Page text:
Persona 3 Portable's new port is a win for preservation, but also highlights how great a full-blown remake could be
On rare occasions, a game will be released that pivots the course of an entire franchise going forward, placing a stake in the ground that splits the series into “games before x” and “games after.” For Atlus’ now-legendary Persona franchise, that game was 2006’s Persona 3 on the PlayStation 2. Many mechanics now considered series staples, such as the Social Link system and calendar progression, have their origins here, in Persona 3.
Since then, the titles bearing the name “Persona” have become some of the most beloved and anticipated in the genre of Japanese role-playing games the world over. Basically, this is a damn important game.
There are three variations of Persona 3, the first being the previously-mentioned original 2006 release, the second being 2007’S FES version which saw a brand new (and divisive) additional playable epilogue, and lastly, in 2009, Persona 3 Portable, which this new HD port is based on. Released on the PSP, P3P omits the epilogue story from FES and, in its place, allows players to choose whether to play through the game as either a male or female protagonist, with slight differences depending on who you choose.
Concessions had to be made in order to bring Persona 3 onto Sony’s handheld, which considerably altered how the game was played. Back in 2009, this was an incredibly impressive feat, even with the sacrifices made. Gone were the open 3D-modeled areas that you could walk around and explore, instead replaced with adventure game-style static images and points of interest you can select.
Character models also saw a reduction in complexity and detail where they were still used, like in combat encounters in Persona 3’s massive randomly generated dungeon, Tartarus. Still, at the time it was a spectacle that Atlus was able to put such a large and extensive console RPG experience onto a handheld. We’re many years removed from that, however - and in 2023 having that same experience blown up to 4k on a TV is much less so.
Each version of Persona 3 has its defenders and detractors, which I imagine put Atlus in a bit of a bind when trying to decide which version to port over to modern machines. Both FES and Portable contain extensive additions not found in the other, meaning that there is no “definitive” edition of the game, this latest port included. We’ve been spoiled recently by re-releases of PSP games, such as Crisis Core: Final Fantasy VII Reunion and Tactics Ogre Reborn, and I wish Atlus had done some similar work to improve P3P. Improving the quality of the character models, even if they just swapped in the models used in the PS2 versions, would have at least been welcome and a step up. Even the static backgrounds that are used occasionally appear blurry, perhaps due to the use of AI upscaling of old assets.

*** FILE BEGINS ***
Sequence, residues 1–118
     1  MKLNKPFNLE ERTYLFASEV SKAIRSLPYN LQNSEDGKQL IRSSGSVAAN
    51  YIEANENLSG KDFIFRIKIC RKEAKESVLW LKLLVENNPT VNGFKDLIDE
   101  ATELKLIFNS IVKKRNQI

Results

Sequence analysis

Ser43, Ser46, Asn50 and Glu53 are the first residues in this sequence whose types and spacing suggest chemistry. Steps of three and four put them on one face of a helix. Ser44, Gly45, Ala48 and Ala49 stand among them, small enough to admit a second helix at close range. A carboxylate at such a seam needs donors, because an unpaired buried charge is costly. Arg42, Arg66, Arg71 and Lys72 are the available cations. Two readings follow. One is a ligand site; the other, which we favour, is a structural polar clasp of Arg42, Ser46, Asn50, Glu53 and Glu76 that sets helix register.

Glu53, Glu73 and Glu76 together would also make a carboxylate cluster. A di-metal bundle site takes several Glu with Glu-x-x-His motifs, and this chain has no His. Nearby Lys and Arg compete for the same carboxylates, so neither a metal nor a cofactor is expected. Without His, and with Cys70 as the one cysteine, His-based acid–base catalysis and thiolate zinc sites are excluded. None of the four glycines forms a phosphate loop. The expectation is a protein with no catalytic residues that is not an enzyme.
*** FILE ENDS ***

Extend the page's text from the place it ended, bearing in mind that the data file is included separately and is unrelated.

The overall story and flow of combat remain this package's strongest point. For the most part, the characters are still just as memorable, and the experience of playing through Persona 3 Portable is a pleasant one, particularly if you have played it previously.
New players who may be approaching this game after playing Persona 5 or even Persona 4 may find themselves a little turned off by the generic shadow monsters, the rather convoluted method of recruiting new Persona, or other small ways in which this game shows its age. Even with all that said, there’s still much here that is worthwhile to experience besides simply to see where so many of the mainstays of the subsequent games got their start from.
If there is one overarching thing that I took away from my time with Persona 3 Portable HD, it would be just how badly it speaks to how much Persona 3 would benefit from a full ground-up remake. This is a game of monumental importance, especially given the critical darlings it led to - but the form on offer here doesn’t really do that justice.
I’d be remiss not to mention that there are also a number of moments and decisions in Persona 3 Portable that were questionable and arguably in fairly poor taste back when it was released and only come off worse still in 2023. If you think of the elements of Persona 4 and 5 that those games were broadly criticized for in the West, more or less every one of them is present in Persona 3 also - and in many cases, is arguably worse.
The nature of ‘evokers’, the firearms used to summon Persona by having the high-schooler protagonists shoot themselves in the head, gives one more pause for thought in 2023 than back in 2006, particularly in the United States. There is also the romantic side plot that occurs between the female protagonist and a pre-teen child, which will always be something that probably shouldn’t have been included in the first place. A relationship, mind you, that is only available in Persona 3 Portable, and thus, this remake. Fans made many mods for the PSP version to remove this romance from the game - and I imagine similar mods will be up on Steam in no time. These are just two aspects that could (and should) be considered if Persona 3 ever gets a full-blown remake.
I view Persona 3 Portable much in the same way that I look at Super Mario 64. Yeah, I think it’s that monumental. It is a pivotal moment for a game series that helped reshape its genre going forward, but the games that came after are largely improved and have better overall experiences. It’s important to preserve these important games and allow them to be played by new audiences of players that potentially weren’t even born when the games were originally released, and that includes Persona 3.
I am glad that we at least got some version of Persona 3 on modern systems, as (most) of the story content holds up, and it is intriguing to revisit, even if it isn’t the most ideal of situations. But playing it makes me desire a truly definitive edition with all content and perhaps some modern tweaks - or better yet, a remake.